This is a comment by Amanda Rose Adams on the post “Why ‘What Do You Do?’ is an Attack on Manhood“.
“My husband stayed home for 6.5 years taking care of our kids while I worked as program manager. It was a perfect arrangement for us, and given that we’re in the 21st century I was SHOCKED that people made snide comments to my husband about me being his ‘sugar mama.’ Ugh. He’s in school now to become an elementary school teacher and works part time as a teacher’s assistant in our kids’ school.
“Anyway, I do a lot. I wrote a book that was published in April, am working on two more books and marketing the first with my publisher. I also work full time as a program manager in a tech firm, started two nonprofit organizations, one of which I still lead and do events for, participate in advocacy initiatives globally, and helped write a resolution that received full bi-partisan support at my state capitol. I don’t, however, do laundry, pay bills, cook, take care of the yard, take out the trash or worry about my kids when I’m doing book signings or presentations on congenital heart disease, because my husband has our family covered.
“This is not women’s work. This is parenting, and I’m the first to admit my husband is a better, more consistent, and more engaged parent than I am. I am a provider and a community leader, and my husband is my equal partner who lifts me up to be able to do those things. Does that make me less of a woman or him less of a man? I don’t think so. It makes each of us more human and able to pursue our passions and use our abilities to better society. I feel the same way about stay at home moms or moms who work part time so their husbands have more career opportunities. I think the issue is, who wants more career opportunities? I care about my career as a means to provide for my family, but I care far more about my writing and advocacy work as a means to change the world. My husband lets me do that not by granting permission but by giving stability and support.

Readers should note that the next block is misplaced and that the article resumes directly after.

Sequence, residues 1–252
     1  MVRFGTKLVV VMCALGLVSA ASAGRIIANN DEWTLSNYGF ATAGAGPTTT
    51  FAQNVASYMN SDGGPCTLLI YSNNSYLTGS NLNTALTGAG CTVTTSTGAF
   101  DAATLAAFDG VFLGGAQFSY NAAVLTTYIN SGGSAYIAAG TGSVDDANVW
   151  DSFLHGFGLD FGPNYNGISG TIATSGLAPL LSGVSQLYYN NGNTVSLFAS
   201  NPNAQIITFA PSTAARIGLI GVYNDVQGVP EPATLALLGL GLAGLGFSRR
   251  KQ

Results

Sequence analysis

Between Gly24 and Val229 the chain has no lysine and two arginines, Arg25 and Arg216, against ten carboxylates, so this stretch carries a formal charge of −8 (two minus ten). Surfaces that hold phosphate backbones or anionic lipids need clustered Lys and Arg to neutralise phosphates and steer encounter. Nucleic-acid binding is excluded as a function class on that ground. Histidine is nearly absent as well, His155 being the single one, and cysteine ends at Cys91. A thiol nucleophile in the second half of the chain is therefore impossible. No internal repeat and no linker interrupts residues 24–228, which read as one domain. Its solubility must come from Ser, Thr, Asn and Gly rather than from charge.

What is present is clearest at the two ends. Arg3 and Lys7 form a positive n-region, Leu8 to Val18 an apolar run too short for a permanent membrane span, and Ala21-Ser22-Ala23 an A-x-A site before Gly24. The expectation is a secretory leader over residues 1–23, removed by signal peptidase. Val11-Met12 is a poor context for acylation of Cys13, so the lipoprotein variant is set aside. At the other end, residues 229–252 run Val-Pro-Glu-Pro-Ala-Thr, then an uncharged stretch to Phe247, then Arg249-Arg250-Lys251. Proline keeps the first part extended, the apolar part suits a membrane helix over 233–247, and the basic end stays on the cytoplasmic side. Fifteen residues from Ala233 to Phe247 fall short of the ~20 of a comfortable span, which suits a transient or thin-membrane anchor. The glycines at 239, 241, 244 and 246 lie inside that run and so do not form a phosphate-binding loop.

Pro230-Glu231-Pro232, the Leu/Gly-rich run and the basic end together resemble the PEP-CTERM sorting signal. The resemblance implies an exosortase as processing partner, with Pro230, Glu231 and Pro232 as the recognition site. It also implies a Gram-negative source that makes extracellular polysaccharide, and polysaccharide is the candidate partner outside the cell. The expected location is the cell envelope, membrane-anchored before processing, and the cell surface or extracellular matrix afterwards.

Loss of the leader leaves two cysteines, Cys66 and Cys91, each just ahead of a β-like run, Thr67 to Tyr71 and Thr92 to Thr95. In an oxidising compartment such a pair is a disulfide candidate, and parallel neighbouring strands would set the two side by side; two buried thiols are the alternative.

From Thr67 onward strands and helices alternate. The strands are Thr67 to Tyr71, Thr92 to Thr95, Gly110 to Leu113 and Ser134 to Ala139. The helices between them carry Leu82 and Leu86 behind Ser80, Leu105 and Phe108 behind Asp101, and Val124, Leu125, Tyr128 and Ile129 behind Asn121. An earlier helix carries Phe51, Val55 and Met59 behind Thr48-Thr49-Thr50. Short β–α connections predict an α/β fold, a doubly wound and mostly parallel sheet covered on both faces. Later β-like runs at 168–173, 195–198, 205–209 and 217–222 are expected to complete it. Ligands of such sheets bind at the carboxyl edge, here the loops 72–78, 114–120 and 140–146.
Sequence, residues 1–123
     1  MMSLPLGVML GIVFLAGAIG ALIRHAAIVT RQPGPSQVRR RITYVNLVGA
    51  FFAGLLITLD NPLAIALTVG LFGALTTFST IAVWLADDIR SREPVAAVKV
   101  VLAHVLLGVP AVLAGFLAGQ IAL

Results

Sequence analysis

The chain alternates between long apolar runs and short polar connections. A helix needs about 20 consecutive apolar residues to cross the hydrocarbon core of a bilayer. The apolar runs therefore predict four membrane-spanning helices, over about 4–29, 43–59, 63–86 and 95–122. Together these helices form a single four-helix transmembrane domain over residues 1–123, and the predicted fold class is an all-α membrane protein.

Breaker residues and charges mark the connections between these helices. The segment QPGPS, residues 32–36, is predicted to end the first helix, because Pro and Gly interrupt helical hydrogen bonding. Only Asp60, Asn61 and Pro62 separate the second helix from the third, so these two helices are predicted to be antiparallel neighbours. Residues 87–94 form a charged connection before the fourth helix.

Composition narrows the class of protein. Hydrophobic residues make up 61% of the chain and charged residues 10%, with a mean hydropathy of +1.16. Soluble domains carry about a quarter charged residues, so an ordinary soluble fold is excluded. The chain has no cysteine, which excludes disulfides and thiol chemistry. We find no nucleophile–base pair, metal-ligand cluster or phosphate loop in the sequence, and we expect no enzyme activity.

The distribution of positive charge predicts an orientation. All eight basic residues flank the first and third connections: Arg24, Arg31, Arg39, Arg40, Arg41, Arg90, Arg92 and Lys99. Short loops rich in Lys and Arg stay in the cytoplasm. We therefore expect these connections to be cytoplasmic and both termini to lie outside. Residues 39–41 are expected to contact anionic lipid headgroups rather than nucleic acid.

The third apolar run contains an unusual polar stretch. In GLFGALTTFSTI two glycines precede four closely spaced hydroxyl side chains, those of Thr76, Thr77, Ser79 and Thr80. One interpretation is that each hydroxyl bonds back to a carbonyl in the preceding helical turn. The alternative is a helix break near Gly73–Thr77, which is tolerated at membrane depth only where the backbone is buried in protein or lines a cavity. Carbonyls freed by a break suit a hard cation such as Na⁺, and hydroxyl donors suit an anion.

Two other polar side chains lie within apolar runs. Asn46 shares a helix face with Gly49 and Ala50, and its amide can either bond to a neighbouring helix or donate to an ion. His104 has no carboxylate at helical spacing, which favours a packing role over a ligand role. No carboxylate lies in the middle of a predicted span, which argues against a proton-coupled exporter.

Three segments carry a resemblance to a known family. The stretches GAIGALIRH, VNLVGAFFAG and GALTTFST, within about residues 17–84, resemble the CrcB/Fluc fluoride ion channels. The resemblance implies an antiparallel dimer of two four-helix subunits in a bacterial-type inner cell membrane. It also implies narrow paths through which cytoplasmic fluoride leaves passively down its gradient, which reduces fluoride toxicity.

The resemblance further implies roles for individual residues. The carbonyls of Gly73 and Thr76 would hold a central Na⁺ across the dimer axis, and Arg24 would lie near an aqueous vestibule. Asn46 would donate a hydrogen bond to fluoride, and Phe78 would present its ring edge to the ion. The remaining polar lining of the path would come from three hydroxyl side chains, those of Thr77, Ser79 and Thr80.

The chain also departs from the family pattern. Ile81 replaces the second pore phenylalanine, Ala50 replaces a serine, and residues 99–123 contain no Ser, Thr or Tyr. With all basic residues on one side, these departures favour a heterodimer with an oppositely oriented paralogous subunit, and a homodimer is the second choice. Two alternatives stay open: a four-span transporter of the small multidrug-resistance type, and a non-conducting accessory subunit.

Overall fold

“My kids have no gender stereotype issues. My daughter came late to Barbies after playing with her cousins, and my son had a baby doll when he was little because there were no channels of choice for them. They choose what they like and follow their passions. They are whole people, and I thank their dad for making them so. Our arrangement works because it’s right for us and we don’t care what the rest of the world thinks we ‘should’ be doing. Maybe if we each cared more about what happened inside of our own homes than outside of them, society would be a happier place for all of us.”
Photo credit: Flickr / Evin Erin